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Photo By: Matthew Cummings

Marion L. Rhyne

In March of 2017 I was in the spotlight of the newsletter on the following website.

 

 

The spotlight is below

Mandala Certificate Program Alumni Spotlight: Marion Rhyne

I took the Mandala Certificate Program for my own learning. But as I have realized in life, what I learn ‘just for me’ I end up sharing with others. ‘ Entering the Circle’, the first part of the 3 part program, was so engaging. The Great Round of the Mandala was a poignant reminder of the passing of time as well as the beginnings and endings of many tasks in life. As an 81 year old learner I look back on these stages of the Great Round and see ‘where I am” and ‘where I’ve been’ over and over again and come to many realizations.

The second part, ‘Engaging The Circle’ deepened my learning through independent study and allowed time for work on individual projects. I especially enjoyed this. The third part, ‘Integrating the Circle’ included further studies of the Great Round, Carl Jung , understanding colors and many other topics as well as the presentation of the projects of students.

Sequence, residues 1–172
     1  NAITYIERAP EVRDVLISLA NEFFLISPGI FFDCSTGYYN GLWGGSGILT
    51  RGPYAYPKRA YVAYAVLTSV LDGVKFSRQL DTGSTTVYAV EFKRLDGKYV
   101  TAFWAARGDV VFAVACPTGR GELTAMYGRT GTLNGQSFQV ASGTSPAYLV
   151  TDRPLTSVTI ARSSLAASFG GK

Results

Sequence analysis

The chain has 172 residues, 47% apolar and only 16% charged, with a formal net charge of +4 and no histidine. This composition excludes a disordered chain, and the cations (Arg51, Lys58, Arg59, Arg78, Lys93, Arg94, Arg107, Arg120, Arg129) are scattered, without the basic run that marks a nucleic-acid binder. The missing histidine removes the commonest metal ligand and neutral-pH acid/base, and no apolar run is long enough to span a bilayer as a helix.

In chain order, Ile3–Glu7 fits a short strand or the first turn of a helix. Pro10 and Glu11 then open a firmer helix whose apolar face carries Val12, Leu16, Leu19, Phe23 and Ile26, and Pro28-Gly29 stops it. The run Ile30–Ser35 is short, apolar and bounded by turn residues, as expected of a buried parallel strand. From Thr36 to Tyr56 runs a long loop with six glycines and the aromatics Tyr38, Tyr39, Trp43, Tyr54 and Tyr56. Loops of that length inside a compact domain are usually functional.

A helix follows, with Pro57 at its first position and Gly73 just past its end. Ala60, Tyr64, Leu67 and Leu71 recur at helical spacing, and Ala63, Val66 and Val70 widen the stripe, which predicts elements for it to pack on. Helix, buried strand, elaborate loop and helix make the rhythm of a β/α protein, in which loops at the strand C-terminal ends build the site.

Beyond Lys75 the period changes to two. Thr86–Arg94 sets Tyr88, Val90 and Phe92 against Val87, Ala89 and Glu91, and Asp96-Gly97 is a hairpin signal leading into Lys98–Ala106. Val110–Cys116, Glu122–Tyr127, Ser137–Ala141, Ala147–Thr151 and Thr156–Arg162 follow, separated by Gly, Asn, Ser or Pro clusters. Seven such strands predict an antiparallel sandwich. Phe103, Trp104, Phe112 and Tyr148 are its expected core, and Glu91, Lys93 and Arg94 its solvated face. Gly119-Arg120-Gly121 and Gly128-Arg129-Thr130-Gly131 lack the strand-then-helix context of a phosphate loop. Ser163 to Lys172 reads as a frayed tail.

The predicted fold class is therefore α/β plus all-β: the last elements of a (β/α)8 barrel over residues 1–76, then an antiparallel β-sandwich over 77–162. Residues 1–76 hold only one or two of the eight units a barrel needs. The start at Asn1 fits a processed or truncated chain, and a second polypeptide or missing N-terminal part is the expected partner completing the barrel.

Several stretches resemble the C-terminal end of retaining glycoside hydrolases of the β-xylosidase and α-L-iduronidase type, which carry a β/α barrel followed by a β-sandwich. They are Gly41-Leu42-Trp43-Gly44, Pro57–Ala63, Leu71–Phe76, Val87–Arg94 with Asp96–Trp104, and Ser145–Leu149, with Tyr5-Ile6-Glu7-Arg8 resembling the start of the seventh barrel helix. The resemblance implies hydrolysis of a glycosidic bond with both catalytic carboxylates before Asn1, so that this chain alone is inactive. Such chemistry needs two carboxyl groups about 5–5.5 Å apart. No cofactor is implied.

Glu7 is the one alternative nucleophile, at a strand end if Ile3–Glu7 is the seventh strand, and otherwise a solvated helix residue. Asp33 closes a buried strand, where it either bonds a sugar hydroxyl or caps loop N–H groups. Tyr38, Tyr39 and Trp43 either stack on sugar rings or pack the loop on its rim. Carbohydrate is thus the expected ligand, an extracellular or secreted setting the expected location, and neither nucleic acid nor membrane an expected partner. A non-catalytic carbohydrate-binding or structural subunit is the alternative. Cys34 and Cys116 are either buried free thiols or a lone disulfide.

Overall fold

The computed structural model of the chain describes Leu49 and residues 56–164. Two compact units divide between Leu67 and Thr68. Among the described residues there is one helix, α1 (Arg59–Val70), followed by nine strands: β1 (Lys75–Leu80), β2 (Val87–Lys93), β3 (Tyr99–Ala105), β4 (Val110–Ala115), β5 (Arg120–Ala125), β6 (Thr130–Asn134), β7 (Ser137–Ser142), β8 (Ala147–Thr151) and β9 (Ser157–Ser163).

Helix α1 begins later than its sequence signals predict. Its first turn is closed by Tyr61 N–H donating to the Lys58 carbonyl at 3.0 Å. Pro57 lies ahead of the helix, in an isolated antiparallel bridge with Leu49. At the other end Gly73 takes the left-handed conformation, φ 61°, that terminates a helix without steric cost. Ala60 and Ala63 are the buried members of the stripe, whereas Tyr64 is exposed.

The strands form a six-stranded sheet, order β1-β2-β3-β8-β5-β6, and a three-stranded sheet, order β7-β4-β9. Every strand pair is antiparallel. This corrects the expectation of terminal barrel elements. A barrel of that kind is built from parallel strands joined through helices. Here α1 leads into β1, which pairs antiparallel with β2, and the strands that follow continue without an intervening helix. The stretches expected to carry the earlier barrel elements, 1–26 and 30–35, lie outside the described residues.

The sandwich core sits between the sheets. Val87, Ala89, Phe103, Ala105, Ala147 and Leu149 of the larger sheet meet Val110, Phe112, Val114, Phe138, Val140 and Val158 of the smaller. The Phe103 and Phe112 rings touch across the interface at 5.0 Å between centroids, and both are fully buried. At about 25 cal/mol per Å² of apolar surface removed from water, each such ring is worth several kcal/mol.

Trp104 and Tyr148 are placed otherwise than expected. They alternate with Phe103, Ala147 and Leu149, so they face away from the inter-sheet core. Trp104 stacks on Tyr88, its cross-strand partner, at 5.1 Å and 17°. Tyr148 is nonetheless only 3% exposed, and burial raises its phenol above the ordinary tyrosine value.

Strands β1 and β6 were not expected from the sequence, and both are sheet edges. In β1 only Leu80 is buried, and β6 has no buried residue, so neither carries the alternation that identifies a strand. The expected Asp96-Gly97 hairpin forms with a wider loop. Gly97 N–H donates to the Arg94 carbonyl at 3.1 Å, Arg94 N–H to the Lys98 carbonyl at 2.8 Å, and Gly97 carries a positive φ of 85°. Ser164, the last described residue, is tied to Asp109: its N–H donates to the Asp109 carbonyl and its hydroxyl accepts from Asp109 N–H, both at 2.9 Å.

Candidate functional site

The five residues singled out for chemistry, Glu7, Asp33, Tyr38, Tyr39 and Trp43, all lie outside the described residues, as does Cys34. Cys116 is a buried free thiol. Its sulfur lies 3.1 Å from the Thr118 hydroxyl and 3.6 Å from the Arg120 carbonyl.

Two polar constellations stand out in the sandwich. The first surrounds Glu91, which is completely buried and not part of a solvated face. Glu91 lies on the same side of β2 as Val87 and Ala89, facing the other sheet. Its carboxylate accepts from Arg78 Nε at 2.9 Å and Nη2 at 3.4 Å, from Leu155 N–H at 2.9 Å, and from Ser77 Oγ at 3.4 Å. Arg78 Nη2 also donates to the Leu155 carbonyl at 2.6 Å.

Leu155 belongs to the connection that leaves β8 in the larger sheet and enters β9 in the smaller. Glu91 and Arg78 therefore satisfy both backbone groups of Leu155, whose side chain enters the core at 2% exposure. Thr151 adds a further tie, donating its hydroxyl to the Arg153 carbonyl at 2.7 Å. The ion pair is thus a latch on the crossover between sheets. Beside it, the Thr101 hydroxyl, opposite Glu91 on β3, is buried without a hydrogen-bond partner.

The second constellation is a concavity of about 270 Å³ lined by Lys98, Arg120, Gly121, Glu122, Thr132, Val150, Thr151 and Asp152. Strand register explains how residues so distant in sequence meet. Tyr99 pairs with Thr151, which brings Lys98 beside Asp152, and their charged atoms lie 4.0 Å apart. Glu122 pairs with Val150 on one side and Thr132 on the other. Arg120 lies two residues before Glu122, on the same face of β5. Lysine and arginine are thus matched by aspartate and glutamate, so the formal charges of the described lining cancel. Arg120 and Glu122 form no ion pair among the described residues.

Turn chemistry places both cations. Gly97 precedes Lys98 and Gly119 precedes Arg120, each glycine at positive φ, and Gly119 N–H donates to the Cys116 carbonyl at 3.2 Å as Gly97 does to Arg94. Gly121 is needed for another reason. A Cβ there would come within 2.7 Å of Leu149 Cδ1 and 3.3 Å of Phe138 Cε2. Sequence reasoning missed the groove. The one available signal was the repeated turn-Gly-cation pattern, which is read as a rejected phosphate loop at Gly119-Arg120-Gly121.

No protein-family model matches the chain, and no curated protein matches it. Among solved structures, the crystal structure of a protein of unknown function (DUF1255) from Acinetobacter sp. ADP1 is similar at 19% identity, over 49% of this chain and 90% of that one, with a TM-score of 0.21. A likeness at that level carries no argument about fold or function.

In this program you are encouraged to go where you are led and to experience the making of mandalas in your own personal way. Fiber art was ‘my way’. I’m working on a book, “Meditations using Fiber Art Mandalas.” Through my work with youth I saw their enjoyment using other media. Now I make mandalas with many different media. My latest is alcohol inks. I continue to make mandalas, 2 or 3 a week and do workshops for youth. I write curriculum for Wonders of God presentations. The latest is A WONDER OF GOD, CIRCLES, Mandalas have led me down a path I would never have dreamed of taking.

When I showed my 98-year-old father my mandalas he thought they were very pretty. He’s my father. Of course he would think that. But then came the questions: “What are they used for?” or “What good are they?” He was from the generation where everything had to have a utilitarian purpose.

As an educator and theologian, I have worked with youth to understand mandalas and use them in their worship and meditation time. A culminating activity one year was a book each created containing their mandalas using certain scriptures suitable for meditation. They wrote their understanding of the scriptures or thoughts on their meditation to go with the mandala. Another activity: After students walk the labyrinth during Vacation Bible School, they are encouraged to draw their feelings on a mandala. This continues their meditation.

I use my mandalas to help others and myself get in touch with our being, to bring healing by calming us, to understand our way of life and to bring enjoyment in this process of creation This is what I should have told my father.
To see the books the youth have made and some other fiber art mandalas check my website.